Flogging A Dead PONI

This week the Committee for the Administration of Justice (CAJ), a leading independent, Human Rights group, published a review of the office of the Police Ombudsman Northern Ireland (PONI).

Once more, we are presented with a searing indictment of Mr. Al Hutchinson’s management of this crucial statutory body.

The CAJ report was initiated in the aftermath of PONI’s deeply flawed and ultimately aborted review in the summer of 2010 of the McGurk’s Bar Massacre. Nevertheless it followed a catalogue of legacy cases which fell foul of lengthy delays, investigative inconsistencies and serious questions regarding PONI’s independence. Our relationship with, and thoughts of, the office under Mr. Hutchinson have been well publicized.

PONI’s botched report reflected negatively on him and our campaign when it was withdrawn. We had predicted immediately that, when tribal faultlines were drawn, the usual detractors would try to argue that the report had been withdrawn because of the undue influence of families. Meanwhile, we believed that this unpublished report was rushed through at the behest of other influencers. Independent investigations, I trust, will prove that this was the case.

Nevertheless, we never called for Mr. Hutchinson’s resignation. We were willing to give the man the opportunity to rectify abject managerial problems and factual errors in our individual case. Not only were the families dignified with this very human response, but we also considered that there would be greater urgency this time in his performance. Perhaps not.

In February 2011, after 5 years of a so-called investigation, and nearly 40 years after the atrocity, we were finally presented with PONI’s report into the death of our loved ones.

Even though it vindicated the victims and our families’ campaign (waged peacefully and constitutionally over four decades), we still had serious questions regarding the office’s definition, or lack thereof, of “collusion”. PONI said that there was “investigative bias” in the RUC’s handling of a mass murder but “insufficient” – that is, “some” but not enough – evidence of collusion. Nevertheless, during the presentation to the families, I queried which terms of reference, or definition of, collusion the office was now using. They had used Judge Cory’s previously and yet they now were using different parameters. Under the former, there was salient evidence of collusion.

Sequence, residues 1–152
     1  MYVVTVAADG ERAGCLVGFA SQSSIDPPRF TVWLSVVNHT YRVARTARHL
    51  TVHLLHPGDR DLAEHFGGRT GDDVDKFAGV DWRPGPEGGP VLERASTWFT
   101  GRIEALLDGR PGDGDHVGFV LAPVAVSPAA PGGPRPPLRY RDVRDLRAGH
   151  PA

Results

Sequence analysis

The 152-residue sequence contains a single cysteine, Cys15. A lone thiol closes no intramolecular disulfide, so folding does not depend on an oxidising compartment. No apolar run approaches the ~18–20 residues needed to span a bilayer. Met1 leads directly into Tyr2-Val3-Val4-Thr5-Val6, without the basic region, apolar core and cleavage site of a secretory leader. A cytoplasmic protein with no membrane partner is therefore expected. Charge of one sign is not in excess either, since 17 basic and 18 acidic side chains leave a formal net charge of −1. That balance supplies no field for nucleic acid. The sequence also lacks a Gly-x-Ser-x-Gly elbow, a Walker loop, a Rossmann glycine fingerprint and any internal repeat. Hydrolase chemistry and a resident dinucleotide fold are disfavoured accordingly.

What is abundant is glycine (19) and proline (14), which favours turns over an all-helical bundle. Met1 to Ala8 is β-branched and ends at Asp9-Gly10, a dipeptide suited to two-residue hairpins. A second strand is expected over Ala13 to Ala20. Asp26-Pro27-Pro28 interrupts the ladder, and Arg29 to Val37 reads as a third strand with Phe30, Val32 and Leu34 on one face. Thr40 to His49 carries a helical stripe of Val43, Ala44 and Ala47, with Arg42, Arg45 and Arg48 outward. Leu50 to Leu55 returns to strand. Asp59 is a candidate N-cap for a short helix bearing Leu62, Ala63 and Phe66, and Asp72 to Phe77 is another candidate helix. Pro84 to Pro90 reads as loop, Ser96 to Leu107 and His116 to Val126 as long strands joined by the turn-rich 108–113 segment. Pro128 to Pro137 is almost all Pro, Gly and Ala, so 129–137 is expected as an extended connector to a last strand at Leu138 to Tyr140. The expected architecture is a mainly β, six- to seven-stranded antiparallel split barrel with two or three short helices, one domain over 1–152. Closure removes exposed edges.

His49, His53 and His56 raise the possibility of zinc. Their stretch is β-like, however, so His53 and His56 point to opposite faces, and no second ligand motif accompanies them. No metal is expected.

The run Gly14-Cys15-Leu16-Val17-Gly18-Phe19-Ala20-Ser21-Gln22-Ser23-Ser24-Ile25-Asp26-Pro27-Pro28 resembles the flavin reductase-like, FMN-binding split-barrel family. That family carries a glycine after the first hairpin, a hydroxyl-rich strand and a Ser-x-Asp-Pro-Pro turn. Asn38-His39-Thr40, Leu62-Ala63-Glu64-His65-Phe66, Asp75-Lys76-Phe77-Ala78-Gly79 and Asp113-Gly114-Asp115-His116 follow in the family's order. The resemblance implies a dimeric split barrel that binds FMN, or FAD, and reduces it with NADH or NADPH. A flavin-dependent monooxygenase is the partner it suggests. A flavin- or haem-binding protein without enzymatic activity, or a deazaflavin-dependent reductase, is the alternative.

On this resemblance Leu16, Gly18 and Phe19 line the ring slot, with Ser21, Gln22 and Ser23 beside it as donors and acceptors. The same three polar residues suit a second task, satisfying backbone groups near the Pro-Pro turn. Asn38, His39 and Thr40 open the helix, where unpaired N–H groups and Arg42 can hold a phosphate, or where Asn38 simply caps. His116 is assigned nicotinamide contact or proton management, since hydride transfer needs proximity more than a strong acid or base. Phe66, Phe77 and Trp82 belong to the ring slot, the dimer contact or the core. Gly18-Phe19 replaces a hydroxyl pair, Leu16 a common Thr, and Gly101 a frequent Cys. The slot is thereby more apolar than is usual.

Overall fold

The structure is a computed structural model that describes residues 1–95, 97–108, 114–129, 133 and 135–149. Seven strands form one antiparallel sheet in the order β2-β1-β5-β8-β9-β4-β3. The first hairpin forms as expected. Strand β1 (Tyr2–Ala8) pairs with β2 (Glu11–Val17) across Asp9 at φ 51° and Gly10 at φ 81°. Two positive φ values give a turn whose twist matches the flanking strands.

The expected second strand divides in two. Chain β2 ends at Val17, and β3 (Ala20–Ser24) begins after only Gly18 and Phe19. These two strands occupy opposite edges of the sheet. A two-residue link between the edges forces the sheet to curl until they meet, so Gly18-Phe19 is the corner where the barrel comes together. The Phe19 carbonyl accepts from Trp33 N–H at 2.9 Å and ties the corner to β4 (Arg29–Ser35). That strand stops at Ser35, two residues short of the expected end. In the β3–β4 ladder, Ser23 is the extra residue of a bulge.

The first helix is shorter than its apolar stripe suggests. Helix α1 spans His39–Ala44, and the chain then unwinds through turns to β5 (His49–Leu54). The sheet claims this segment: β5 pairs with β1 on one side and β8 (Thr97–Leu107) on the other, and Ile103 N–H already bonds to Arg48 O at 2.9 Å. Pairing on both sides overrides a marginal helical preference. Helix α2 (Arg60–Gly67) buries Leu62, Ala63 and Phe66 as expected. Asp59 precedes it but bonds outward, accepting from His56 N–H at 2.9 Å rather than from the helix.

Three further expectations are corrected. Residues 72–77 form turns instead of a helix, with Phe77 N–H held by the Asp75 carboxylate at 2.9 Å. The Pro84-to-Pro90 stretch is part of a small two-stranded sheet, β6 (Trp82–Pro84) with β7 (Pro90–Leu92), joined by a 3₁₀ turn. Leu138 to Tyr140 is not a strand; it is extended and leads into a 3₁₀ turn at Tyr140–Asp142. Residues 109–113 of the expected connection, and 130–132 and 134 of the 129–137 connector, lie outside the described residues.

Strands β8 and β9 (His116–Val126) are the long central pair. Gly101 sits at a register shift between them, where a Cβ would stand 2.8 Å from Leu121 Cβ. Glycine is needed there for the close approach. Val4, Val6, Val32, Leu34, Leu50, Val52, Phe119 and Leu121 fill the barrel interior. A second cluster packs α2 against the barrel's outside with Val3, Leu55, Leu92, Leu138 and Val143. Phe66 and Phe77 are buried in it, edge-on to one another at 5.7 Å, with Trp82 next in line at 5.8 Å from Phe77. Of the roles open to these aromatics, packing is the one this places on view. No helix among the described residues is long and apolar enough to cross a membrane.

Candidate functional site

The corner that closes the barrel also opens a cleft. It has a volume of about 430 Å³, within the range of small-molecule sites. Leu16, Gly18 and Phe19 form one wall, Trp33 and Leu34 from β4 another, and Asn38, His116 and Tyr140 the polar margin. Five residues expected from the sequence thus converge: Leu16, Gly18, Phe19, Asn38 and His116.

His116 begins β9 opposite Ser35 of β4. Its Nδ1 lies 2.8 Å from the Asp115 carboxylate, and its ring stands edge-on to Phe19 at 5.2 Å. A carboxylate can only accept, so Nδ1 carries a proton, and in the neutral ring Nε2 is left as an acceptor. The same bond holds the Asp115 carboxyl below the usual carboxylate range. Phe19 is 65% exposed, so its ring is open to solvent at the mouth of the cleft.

No answer was forthcoming. It should be noted that within the McGurk’s report that was finally published, PONI does not record what definition of collusion it is following in this instance and yet it is trying to rule on it.

The CAJ’s review, thankfully, hammers PONI on this too. It also hammers him on other grave areas of concern including efficiency, effectiveness, transparency and independence. It is a buckling criticism of PONI that should be read in its entirety (PDF 511KB) to fully appreciate what families in these historic investigations have had to suffer and are suffering.

Questions regarding the office’s compliance of Article 2 of the European Convention of Human Rights (ECHR), the right to life, pepper the report. ECHR jurisprudence, as far as the office of the Police Ombudsman is concerned, tests whether investigations into such murders are compliant to Article 2.

A very interesting legal point, as far as I am concerned, was raised by the CAJ in light of this and it noted:

Article 2 requirements expressed by the European Court to the effect that “the
authorities must have taken the reasonable steps available to them to secure the
evidence concerning the incident” and “they cannot leave it to the initiative of the next of kin… to take responsibility for the conduct of any investigative procedures

(page 22, referencing Jordan v UK)

Since I know at first hand that the families (together with the Pat Finucane Centre and British Irish Rights Watch) produced the most crucial pieces of evidence from archive research, I can assume that PONI’s compliance will fail legal tests.

In spite of all of this, the CAJ too makes a point of not calling for Mr. Hutchinson’s resignation.

Nevertheless, there will come a time – and I do not think it too far in the future – that Mr. Al Hutchinson will have to go. Two separate independent investigations into the influence of the old guard civil servants of the Northern Ireland Office and the “reformed” Police Service Northern Ireland will be published soon. In the interim period he will have to answer to the CAJ review and political leaders from each and every political party. Sam Pollock, the highly regarded Chief Executive of the office who has resigned because of him, will have his day yet.

We should remember how important it is to distinguish the man from the office when he does go.

The office  is a far from perfect statutory body whose independence, by terms of its own remit under British paymasters and British legislation, is moot from the outset. Nevertheless, it is an essential safeguard that the whole community has to hold the police, past and present, to book. What it does need – quite simply – is a better manager.

Unfortunately, I have a terrible feeling that the families of those massacred in Loughinisland are all too aware of that at this very moment.


Ciarán MacAirt

Disclaimer for post above: all opinions are my own and do not necessarily represent the views of other family members or NGOs.



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